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dc.rights.licenseCC BY-NC-ND. Users may download and share copies with attribution in accordance with a Creative Commons Attribution-Noncommercial-No Derivative Works 3.0 License. No commercial use or derivatives are permitted without the explicit approval of the author.
dc.contributorBaveye, P. (Philippe)
dc.contributorKilduff, James
dc.contributorGorby, Yuri
dc.contributor.authorSuperak, Claire M.
dc.date.accessioned2021-11-03T08:06:42Z
dc.date.available2021-11-03T08:06:42Z
dc.date.created2014-04-14T10:31:20Z
dc.date.issued2013-12
dc.identifier.urihttps://hdl.handle.net/20.500.13015/1021
dc.descriptionDecember 2013
dc.descriptionSchool of Engineering
dc.description.abstractBiological clogging "bioclogging" is the occupation of pore space between soil particles by biological material including microorganisms and their associated structures. Substances, both synthesized and naturally occurring, and referred to as quorum sensing inhibitors or quorum quenchers, can be applied to biological systems to manipulate quorum sensing, the phenomenon by which microbes communicate and signal to adjust their growth based on cell density. One such substance that has been observed to inhibit quorum sensing in biofilm formation of <italic>Aeromonas hydrophila</italic> on membranes is the common food additive, vanillin.
dc.description.abstractThe goal of this study was to apply results from reverse osmosis membrane biofilm research to sand columns contained in permeameters. Microbial clogging of pore space in soils was modeled on the laboratory scale using columns designed with piezometers to monitor hydraulic pressure differentials. Operating under saturated conditions with nutrient solution provided in upward flow from Mariotte bottles, four columns (two with Hunter's minimal media and 50mM sucrose and two with, in addition, 0.16 g/L of vanillin) were inoculated with Aeromonas hydrophila ATCC® 7966TM and run in parallel for six days.
dc.description.abstractPiezometer readings were recorded periodically and analyzed for change over time corresponding to microbial activity. Scanning electron microscopy analysis following dismantlement of each column provided insight to where and to what extent microbial growth occurred. Future studies could involve several modifications of the experimental technique to test the impact of different concentrations of vanillin on A. hydrophila growth in porous media.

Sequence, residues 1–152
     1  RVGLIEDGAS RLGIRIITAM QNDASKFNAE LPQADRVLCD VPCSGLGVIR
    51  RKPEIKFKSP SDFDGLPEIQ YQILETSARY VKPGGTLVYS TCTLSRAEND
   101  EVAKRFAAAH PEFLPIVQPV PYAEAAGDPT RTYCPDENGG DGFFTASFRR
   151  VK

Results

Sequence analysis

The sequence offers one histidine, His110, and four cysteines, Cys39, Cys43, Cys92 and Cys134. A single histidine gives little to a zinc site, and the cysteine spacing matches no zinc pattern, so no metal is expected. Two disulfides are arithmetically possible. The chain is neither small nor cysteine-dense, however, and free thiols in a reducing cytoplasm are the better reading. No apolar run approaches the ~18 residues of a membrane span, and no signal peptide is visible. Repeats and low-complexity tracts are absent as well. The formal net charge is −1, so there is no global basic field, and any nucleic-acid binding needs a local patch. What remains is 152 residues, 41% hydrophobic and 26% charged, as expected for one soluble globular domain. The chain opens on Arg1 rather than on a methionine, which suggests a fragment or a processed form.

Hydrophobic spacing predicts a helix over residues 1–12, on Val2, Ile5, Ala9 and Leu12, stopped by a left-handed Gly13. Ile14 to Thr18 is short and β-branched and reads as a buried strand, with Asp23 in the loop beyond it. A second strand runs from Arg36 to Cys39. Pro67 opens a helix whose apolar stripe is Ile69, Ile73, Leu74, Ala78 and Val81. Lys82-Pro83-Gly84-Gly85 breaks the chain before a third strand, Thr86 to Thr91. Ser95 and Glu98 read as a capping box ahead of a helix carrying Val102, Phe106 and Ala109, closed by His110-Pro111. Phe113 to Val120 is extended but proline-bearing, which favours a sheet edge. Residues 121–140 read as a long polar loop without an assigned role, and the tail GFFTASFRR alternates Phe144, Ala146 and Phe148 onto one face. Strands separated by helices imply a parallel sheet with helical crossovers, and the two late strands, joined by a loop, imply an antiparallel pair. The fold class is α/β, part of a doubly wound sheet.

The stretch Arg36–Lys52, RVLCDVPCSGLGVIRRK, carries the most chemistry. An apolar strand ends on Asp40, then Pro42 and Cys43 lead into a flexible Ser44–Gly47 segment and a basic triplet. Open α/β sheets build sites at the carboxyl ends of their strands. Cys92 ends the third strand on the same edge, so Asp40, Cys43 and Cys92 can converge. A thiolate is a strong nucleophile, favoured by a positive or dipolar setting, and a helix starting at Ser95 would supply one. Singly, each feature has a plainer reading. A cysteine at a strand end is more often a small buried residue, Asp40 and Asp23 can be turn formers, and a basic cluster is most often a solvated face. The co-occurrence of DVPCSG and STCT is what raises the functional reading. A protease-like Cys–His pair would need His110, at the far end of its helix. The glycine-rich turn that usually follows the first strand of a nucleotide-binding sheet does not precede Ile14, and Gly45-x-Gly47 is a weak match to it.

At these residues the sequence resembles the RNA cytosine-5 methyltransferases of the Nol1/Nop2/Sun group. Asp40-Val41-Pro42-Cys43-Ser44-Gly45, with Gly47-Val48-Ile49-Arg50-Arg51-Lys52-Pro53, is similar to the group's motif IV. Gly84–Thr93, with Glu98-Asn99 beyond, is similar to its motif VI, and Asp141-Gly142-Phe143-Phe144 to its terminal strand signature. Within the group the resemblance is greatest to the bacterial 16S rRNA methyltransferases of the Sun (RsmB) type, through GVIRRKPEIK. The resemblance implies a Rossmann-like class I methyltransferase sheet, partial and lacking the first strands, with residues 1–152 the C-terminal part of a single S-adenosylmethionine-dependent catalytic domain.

dc.language.isoENG
dc.publisherRensselaer Polytechnic Institute, Troy, NY
dc.relation.ispartofRensselaer Theses and Dissertations Online Collection
dc.rightsAttribution-NonCommercial-NoDerivs 3.0 United States*
dc.rights.urihttp://creativecommons.org/licenses/by-nc-nd/3.0/us/*
dc.subjectEnvironmental engineering
dc.titleEffect of vanillin on quorum sensing of Aeromonas hydrophila in porous media
dc.typeElectronic thesis
dc.typeThesis
dc.digitool.pid170819
dc.digitool.pid170820
dc.digitool.pid170821
dc.rights.holderThis electronic version is a licensed copy owned by Rensselaer Polytechnic Institute, Troy, NY. Copyright of original work retained by author.
dc.description.degreeMS
dc.relation.departmentDept. of Civil and Environmental Engineering


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CC BY-NC-ND. Users may download and share copies with attribution in accordance with a Creative Commons Attribution-Noncommercial-No Derivative Works 3.0 License. No commercial use or derivatives are permitted without the explicit approval of the author.
Except where otherwise noted, this item's license is described as CC BY-NC-ND. Users may download and share copies with attribution in accordance with a Creative Commons Attribution-Noncommercial-No Derivative Works 3.0 License. No commercial use or derivatives are permitted without the explicit approval of the author.